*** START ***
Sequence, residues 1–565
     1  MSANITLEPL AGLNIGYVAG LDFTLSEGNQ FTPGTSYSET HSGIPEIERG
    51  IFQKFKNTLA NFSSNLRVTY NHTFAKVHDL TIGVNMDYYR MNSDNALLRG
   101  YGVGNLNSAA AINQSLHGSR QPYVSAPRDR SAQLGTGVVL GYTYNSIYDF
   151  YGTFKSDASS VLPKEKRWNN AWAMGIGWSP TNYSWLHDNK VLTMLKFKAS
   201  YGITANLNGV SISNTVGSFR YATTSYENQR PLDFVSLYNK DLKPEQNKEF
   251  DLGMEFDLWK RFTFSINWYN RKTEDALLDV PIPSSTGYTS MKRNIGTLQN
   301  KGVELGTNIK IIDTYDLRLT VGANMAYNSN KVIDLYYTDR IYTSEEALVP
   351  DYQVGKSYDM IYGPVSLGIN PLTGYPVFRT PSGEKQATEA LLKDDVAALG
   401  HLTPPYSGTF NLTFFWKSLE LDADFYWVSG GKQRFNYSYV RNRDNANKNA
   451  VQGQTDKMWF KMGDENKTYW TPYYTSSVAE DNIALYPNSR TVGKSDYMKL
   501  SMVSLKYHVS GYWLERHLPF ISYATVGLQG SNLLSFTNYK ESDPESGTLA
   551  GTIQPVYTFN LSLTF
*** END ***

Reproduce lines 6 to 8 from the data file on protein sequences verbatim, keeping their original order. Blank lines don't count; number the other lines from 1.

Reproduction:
   201  YGITANLNGV SISNTVGSFR YATTSYENQR PLDFVSLYNK DLKPEQNKEF
   251  DLGMEFDLWK RFTFSINWYN RKTEDALLDV PIPSSTGYTS MKRNIGTLQN
   301  KGVELGTNIK IIDTYDLRLT VGANMAYNSN KVIDLYYTDR IYTSEEALVP